My dear brothers and sisters Allah The Almighty forbids us from mocking people. It is one of the characteristics of the disbelievers and the hypocrites that leads to the disunity of the society. In fact, it is a direct violation of the commands of Allah SWT, and it keeps one away from the pleasure of Allah SWT.
This point is mentioned in the Glorious Quran and the imam referenced it in today’s reminder. Allah SWT says in ayat 11 of Sura Al-Hujarat:
O you who have believed, let not a people ridicule [another] people; perhaps they may be better than them
Some of the scholars of Quran have said that this verse was revealed when members of the Banu Tameem delegation were mocking the poor Companions like ‘Ammaar, Khabbaab, Bilaal, Suhayb, Salmaan, and Saalim the slave of Abu Huthayfah, may Allah be pleased with all of them, because of their shabby clothes. This context allows us to understand the translation and better apply it to ourselves and the situations that we face in our lives.
Allah SWT is referring here to all sorts of mockery in this prohibition for the believers. Hence, it is impermissible for any believer to mock another believer: either for being poor, or for a sin that he has committed, or for any other reason.
In general, no one should dare to ridicule another person even if that person was shabby, handicapped or inarticulate. Reason being, that person may be more sincere or may have a purer heart than the one who is not shabby or handicapped or inarticulate. Allah SWT illustrates through the passage referenced that ridiculing such a person would be despising someone whom Allah SWT has honoured.
Three practical examples during the life of the Prophet SAWS help illustrate the seriousness of this point further.
In the first, the Prophet SAWS, took this matter very seriously even with his very close ones. In a Hadeeth on the authority of ‘Aa’ishah, may Allah be pleased with her, she said, “I said to the Prophet ‘It is enough for you that Safiyyah is such-and-such [meaning that she was short].’ The Prophet replied: ‘You have said a word that could adulterate the water of the sea if it were mixed with it.’
Another example is when Abu Tharr, may Allah be pleased with him, abused a man by calling his mother bad names, the Prophet, , said to him: “O Abu Tharr! Did you abuse him by calling his mother bad names? You still have some characteristics of Jaahiliyyah in you.”
In a Hadeeth on the authority of Umm Haani’, may Allah be pleased with her, the Prophet, SAWS, said about the 29th ayat of Sura Al-Ankabut, which translated is
and commit in your meetings [every] evil
that the ayat is given because they used to despise and mock people.
Dear brothers and sisters, calling people by offensive nicknames means calling them by names or attributes that they hate are forms of mockery. Allah SWT generalized this rule and did not specify certain nicknames. It is impermissible for any Muslim to call his fellow brother by any nickname or any attribute that he hates. Allah SWT mentions this in ayat 110 of Sura Al-Muminoon which is translated to say:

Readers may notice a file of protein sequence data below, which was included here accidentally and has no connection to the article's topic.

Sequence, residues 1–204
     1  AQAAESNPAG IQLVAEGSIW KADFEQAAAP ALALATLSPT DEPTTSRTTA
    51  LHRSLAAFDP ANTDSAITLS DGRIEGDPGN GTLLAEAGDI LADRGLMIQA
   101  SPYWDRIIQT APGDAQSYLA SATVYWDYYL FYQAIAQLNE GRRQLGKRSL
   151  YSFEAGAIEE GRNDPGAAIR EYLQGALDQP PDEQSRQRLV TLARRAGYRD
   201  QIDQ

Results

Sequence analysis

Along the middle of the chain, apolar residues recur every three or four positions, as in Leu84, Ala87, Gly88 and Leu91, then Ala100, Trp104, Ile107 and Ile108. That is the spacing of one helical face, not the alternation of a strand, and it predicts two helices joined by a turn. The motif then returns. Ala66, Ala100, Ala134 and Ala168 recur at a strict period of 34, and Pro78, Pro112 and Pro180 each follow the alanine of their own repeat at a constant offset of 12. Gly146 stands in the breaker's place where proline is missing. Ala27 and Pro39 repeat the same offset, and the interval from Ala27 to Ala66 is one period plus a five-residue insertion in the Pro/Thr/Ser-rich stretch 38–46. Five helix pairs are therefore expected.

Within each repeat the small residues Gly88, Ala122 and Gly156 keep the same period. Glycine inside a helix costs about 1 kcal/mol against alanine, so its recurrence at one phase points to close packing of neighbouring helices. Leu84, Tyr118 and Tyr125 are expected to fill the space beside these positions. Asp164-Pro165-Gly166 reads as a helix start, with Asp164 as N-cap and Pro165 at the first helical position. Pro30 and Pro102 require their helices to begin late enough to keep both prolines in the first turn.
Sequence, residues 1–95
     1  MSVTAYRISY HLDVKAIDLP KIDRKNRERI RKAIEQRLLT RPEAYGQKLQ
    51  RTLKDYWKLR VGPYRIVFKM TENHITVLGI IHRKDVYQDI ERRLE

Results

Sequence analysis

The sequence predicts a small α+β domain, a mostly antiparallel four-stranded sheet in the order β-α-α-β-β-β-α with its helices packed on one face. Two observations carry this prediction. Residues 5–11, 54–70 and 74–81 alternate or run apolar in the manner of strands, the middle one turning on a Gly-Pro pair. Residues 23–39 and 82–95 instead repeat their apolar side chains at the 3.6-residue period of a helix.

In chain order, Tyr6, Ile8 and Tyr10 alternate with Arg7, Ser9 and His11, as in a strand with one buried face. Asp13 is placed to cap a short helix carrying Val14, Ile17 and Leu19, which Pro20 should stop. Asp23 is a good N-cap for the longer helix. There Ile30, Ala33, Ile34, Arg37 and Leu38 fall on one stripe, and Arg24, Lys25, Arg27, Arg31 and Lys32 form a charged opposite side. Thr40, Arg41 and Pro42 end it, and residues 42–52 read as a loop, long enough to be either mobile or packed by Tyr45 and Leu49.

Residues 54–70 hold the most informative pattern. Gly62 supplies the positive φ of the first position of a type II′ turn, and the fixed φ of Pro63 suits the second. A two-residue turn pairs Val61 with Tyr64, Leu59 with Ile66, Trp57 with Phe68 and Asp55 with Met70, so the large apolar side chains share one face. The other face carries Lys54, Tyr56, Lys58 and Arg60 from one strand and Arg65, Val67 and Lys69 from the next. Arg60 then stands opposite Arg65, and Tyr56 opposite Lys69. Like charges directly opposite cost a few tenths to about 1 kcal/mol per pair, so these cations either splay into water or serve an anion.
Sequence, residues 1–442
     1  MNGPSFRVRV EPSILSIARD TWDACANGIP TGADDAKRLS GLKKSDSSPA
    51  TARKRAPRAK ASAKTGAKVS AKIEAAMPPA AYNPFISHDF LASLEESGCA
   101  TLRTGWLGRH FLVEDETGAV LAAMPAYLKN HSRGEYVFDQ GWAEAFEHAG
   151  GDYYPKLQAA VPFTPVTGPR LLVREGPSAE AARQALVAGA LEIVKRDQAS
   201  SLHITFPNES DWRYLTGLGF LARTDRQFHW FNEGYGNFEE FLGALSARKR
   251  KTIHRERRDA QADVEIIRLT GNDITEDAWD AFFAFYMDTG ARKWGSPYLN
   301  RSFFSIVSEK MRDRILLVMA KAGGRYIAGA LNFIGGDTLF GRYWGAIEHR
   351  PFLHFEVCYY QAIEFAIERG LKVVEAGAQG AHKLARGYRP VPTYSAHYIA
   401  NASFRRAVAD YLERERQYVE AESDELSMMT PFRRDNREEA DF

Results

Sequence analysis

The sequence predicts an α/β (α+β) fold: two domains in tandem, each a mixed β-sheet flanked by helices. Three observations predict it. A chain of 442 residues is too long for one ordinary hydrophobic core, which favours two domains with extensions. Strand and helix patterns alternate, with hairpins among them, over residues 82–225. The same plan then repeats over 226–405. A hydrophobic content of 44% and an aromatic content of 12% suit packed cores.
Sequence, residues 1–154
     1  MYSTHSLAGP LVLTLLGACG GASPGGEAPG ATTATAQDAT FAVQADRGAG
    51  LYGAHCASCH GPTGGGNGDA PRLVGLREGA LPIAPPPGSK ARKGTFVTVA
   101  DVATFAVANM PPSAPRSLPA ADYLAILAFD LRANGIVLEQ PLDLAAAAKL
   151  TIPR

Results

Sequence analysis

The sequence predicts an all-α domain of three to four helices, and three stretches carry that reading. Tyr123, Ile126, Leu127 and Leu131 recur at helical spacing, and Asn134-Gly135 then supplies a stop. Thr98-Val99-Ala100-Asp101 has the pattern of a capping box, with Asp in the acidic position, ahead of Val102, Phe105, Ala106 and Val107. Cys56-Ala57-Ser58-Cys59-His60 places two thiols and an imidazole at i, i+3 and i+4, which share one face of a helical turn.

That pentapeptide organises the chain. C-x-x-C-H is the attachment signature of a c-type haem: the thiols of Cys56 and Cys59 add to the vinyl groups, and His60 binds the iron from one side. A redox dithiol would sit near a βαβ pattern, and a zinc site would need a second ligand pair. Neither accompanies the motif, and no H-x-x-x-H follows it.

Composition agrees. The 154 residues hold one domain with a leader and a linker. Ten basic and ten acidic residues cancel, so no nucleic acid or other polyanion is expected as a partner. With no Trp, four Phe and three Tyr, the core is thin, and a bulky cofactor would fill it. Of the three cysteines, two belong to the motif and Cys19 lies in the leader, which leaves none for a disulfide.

But you took them in mockery to the point that they made you forget My remembrance, and you used to laugh at them
Dear brothers and sisters, this verse is a warning against mocking, despising or ridiculing the weak and the needy to the point that it would make us forget remembering Allah SWT and would thus keep us far from Him.
The problem we have in the current time and place is that mockery has replaced humour in many modern forms. From memes for those of you who know to the behaviour of so-called comedians, this is now considered the cutting edge of what is considered funny.
The justification given for this is that humour is an expression of free speech and therefore cannot be censored. If it’s funny, it should be said. This lends to the idea that limits should not be placed on the humour.
This is a dangerous tactic as what one man finds funny, another potentially finds deeply offensive. If we succumb to the notion that there is no limit on humour then how can we take a stand when the humour is directed at our Lord, our Prophet SAWS or our faith?
We need to practice what we preach and therefore set that standard within ourselves. Our life is about limits that we do not transgress, both in religion and life. To say otherwise makes no sense. For example, we have speed limits when driving, we have volume limit on the TV when it’s too loud for our ears. To say that some area of our life is without a limit, poses problems and causes discord such as the topic today.
The best thing about humour is that it crosses boundaries of race, culture, age and language. The innocence of a child’s speech causes even the hardest of people to crack into a smile and so it is possible to find humour within the limits of respect and decency.
Let us take today’s reminder as a challenge to go against the status-quo in society and encourage one another to avoid mockery, even if it’s funny, and instead reserve humour for those things which cause no hurt in others. That way, we restore our honour in each other as well as set a standard on how humour can exist, not with censorship imposed but with love and respect for one another.